There are social and cultural differences in perceptions of rape by people from different ethnic groups. According to the survey, white people tend to believe the statement that a black offender is a common type of a perpetrator committing sexual assault, and white persons are usually rape victims (Barrett & George, 2005). However, black people disagree with such a statement. Another survey shows that a black perpetrator responsible for interracial rape is regarded as more culpable by society as compared to a white one, who has also committed a similar crime (World Health Organization, 2003). However, today these racial differences tend to be levelled as an outcome of enhanced consciousness regarding gender and race.
Sexual assault may have both a physical and psychological impact on the victim’s life and well-being. The consequences of rape vary depending on the nature of abuse and personal characteristics of the perpetrator and the victim. Besides such physical consequences as different injuries, unwanted pregnancies, sexually transmitted infections, for example AIDS, and infertility, rape can have such psychological effects as anxiety, depression, and post-traumatic stress disorder. Besides, sexual assault violates the sense of safety and privacy of the victim and may even lead to suicidal behavior. Hereby, according to the research, while white victims of rape have relatively less severe symptomatology, Hispanic and African Americcan victims tend to blame themselves more and represent severer symptoms (Barrett & George, 2005).
The health care professional should know how to protect others, including clients and friends, as well as oneself from rape. In order to prevent acquaintance rape, a person should first meet with others, whom he/she does not know well in public places and do not leave parties, concerts, and bars with them until he/she trusts them. Second, the person should not drink excess alcohol or take drugs. He or she should be cautious so that any other cannot pour a drug in his/her glass. Third, the person should control the meeting and tell his/her plans in advance, carry enough money in order to pay for himself/herself, and be able to get home on her/his own. In order to prevent a date rape, that is a sexual assault conducted by a person, with whom there were potential sexual relationships in the past or who was his/her former sexual partner, the person should determine his/her own sexual limits. He or she should make sure that the other person understands these limits and communicate distinctly that sex is not acceptable (World Health Organization, 2003). Within the relationships, partners should discuss their sexual needs, attitudes, and expectations.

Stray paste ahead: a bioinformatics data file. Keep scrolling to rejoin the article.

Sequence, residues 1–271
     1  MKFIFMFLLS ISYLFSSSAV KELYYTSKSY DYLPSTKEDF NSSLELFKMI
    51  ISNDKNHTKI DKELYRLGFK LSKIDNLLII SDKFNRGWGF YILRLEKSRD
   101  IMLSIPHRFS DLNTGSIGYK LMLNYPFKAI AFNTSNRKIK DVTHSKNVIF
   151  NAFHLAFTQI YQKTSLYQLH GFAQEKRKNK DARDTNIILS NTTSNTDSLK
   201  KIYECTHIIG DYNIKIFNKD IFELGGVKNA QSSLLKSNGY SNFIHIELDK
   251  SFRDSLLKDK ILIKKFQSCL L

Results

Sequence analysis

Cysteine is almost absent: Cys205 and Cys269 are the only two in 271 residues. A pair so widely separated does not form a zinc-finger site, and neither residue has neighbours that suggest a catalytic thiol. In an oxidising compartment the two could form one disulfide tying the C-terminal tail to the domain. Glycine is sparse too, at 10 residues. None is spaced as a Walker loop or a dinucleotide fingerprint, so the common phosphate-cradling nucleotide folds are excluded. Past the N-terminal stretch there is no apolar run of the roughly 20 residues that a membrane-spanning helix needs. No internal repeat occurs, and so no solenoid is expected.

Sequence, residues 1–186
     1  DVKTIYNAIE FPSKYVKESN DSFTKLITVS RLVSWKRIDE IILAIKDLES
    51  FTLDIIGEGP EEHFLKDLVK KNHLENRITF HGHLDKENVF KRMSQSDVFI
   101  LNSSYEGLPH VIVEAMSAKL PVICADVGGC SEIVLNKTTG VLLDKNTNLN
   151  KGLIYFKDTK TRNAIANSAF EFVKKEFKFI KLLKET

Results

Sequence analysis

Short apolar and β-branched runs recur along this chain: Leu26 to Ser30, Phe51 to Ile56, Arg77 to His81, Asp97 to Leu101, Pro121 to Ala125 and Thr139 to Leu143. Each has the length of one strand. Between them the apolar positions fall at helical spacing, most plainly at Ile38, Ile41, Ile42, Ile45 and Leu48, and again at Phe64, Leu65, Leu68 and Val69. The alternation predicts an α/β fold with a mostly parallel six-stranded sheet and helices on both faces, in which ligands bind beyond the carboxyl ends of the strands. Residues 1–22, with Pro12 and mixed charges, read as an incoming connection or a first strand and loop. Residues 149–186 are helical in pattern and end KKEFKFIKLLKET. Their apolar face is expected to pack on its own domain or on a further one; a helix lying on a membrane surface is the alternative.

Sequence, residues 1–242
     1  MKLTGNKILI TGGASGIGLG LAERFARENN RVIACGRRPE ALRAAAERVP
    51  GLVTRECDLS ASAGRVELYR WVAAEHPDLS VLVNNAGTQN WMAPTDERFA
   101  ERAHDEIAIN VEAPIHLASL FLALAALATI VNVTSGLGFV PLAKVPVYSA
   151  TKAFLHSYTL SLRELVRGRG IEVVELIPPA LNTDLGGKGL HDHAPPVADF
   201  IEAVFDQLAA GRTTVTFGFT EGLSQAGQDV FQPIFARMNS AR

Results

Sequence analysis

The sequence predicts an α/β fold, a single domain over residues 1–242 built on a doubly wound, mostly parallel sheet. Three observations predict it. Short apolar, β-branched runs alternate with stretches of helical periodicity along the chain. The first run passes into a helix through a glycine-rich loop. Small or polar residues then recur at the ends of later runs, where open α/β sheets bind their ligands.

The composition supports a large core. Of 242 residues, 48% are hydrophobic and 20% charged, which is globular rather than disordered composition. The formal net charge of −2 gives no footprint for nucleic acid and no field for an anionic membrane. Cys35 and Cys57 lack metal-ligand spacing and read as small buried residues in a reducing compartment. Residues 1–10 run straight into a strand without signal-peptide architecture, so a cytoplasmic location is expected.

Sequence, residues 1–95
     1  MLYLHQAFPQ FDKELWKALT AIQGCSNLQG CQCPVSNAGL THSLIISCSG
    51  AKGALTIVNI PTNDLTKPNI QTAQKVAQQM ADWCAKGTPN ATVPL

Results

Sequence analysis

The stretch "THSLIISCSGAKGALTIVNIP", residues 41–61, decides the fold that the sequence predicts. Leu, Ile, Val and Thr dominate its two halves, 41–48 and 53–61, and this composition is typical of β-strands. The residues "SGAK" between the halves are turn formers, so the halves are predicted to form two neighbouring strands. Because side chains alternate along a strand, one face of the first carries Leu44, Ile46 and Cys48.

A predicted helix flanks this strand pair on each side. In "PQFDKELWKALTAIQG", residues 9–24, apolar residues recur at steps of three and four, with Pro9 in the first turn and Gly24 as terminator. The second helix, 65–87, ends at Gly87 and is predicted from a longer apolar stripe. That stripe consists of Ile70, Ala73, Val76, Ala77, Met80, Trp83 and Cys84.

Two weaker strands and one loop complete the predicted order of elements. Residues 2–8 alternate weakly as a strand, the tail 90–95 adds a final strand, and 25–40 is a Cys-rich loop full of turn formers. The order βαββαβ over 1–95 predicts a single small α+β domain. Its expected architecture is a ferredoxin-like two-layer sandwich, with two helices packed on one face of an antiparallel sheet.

According to the statistics, only from five to ten percent of people, who have been raped, report about sexual assault to the police (Postmus, 2013, p. 181). A forensic rape examination may be a solution for victims who do not wish to go to the police. Thus, after a sex crime has occurred, the victim should have a forensic examination in a hospital or in a rape processing center by a specially trained professional, whereby a sexual battery kit is used, which enables to get DNA left by the suspect and collect evidence for the use by the police. Hereby, having a sexual battery kit is an option for the victim rather than his or her responsibility (Postmus, 2013).
Overall, people should always remember that a conscious consent of both partners is an inevitable part of any sexual activity. Additionally, people have the right to stop their sexual communication regardless of whether they have enjoyed it sometime before or even consented at the beginning.